We cleaned up and drove into town, parking a block away from the Plaza del Toros, the ending point for the famous Running of the Bulls event that takes place each year in July during the Festival of San Fermin. We walked a couple of blocks into the historic center, concentrating on spending time on Calle Estafeta, which runs down one side of Plaza Castillo.
Being a bit hungry, our first two stops were at Tapa’s joints recommended in the Steve’s guide, Bar Cervezaria La Estafeta and Bar Gaucho. We sampled six in total, four with a focus on ham or vegetable at the first place and two dynamite fish options at Bar Gaucho. Including a glass of wine apiece at each place our tabs came to 20 Euros in total, proving as many had told us that Spain would be kind to our budget.
Our next stop was a well-known bakery Pasteleria Beatriz, where Joanna stood in a good-sized line to purchase a number of small fruit, cheese, or chocolate-based pastries. A bag that stood up to some late night munching and breakfast the next day ran us 3.27 Euros.
We returned to camp to find we had new neighbors, Dave Woolley and his girlfriend Jude, a British couple who were on a three-week spin on his motorcycle. We would engage them in conversation throughout our stay, particularly as Dave was planning a trip to the States sometime in the coming year with the goal to cross the continent on the TransAm Trail, nearly 5,000 miles of riding. His plan also involved storing his bike upon completion with a friend in Santa Rosa, returning at some time in the future, and then riding to the tip of Baja California.
Determined to get a longer ride in the next day we hopped on the bike path just outside of camp and rode it in the opposite direction of the day before, parallel to Highway N121-A, out of town. The path closed out a mile or so after we started and so we rode another eight miles or so up the highway, steadily climbing as we went, our goal to reach the first of a series of tunnels we’d passed through on the way into town.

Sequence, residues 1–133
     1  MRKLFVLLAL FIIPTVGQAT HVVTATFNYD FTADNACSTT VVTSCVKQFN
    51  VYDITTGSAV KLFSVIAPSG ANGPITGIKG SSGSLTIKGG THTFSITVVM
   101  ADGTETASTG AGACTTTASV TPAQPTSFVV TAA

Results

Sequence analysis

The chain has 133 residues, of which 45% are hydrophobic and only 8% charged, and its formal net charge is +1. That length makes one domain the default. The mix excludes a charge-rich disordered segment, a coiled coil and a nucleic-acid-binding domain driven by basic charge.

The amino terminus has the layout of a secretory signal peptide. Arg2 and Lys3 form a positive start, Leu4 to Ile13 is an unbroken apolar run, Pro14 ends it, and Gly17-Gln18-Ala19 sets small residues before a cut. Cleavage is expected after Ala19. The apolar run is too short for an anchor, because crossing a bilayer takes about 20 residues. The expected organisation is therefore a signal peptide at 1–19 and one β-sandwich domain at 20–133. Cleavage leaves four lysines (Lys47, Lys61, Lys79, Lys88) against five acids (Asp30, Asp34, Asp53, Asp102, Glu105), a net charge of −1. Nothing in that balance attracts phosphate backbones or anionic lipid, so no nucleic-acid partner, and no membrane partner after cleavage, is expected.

Although the road had a wide bike lane, traffic including large trucks whizzing by made it less than enjoyable and we pulled off onto a small side road that led us a couple of miles into the very small village of Aritzu. Hitting a dead end, we turned around and rode back out the to the highway for our descent back to camp, to discover that our seemingly strong legs on the ascent were a direct by-product of a very brisk tailwind, that now turned into a brutal headwind.
We finished our descent, a bit tired for the effort but getting 22 good miles in. After a shower and some rest, we made one more run into town to view the Rafael Huerta statue, Monument to the Encierro, that honors the Bull Run of Pamplona and to make a stop at Beatriz again for some morning fuel.
We stopped at the Dia on the way home to pick up a jar of pasta sauce, more bagged vegetables and, wait for it, another bottle of that really good white wine for a quick meal at camp.
The plan for the next day was for us to ride twenty mile portions of the St. James way out of Pamplona, me first and then Joanna, with the other person in the car, then drive the rest of the way to Burgos. We went to bed excited about the next day’s prospects, wondering what kind of riding we’d get to accomplish. Faithful readers will know by now that chances are disaster didn’t strike, but plans, as usual, didn’t quite work out as expected.
Camping Ezcaba: http://www.campingezcaba.com
El Camino de Santiago: http://en.wikipedia.org/wiki/Way_of_St._James
Festival of San Fermin: http://en.wikipedia.org/wiki/San_Ferm%C3%ADn
Bar Cervezaria La Estafeta: http://11870.com/pro/bar-cerveceria-la-estafeta
Bar Gaucho: http://www.cafebargaucho.com/
Pastelería Beatriz: http://11870.com/pro/pastas-beatriz
TransAm Trail: http://www.transamtrail.com/
Monument to the Encierro: http://www.turismo.navarra.es/eng/organice-viaje/recurso.aspx?o=3310&masInf=1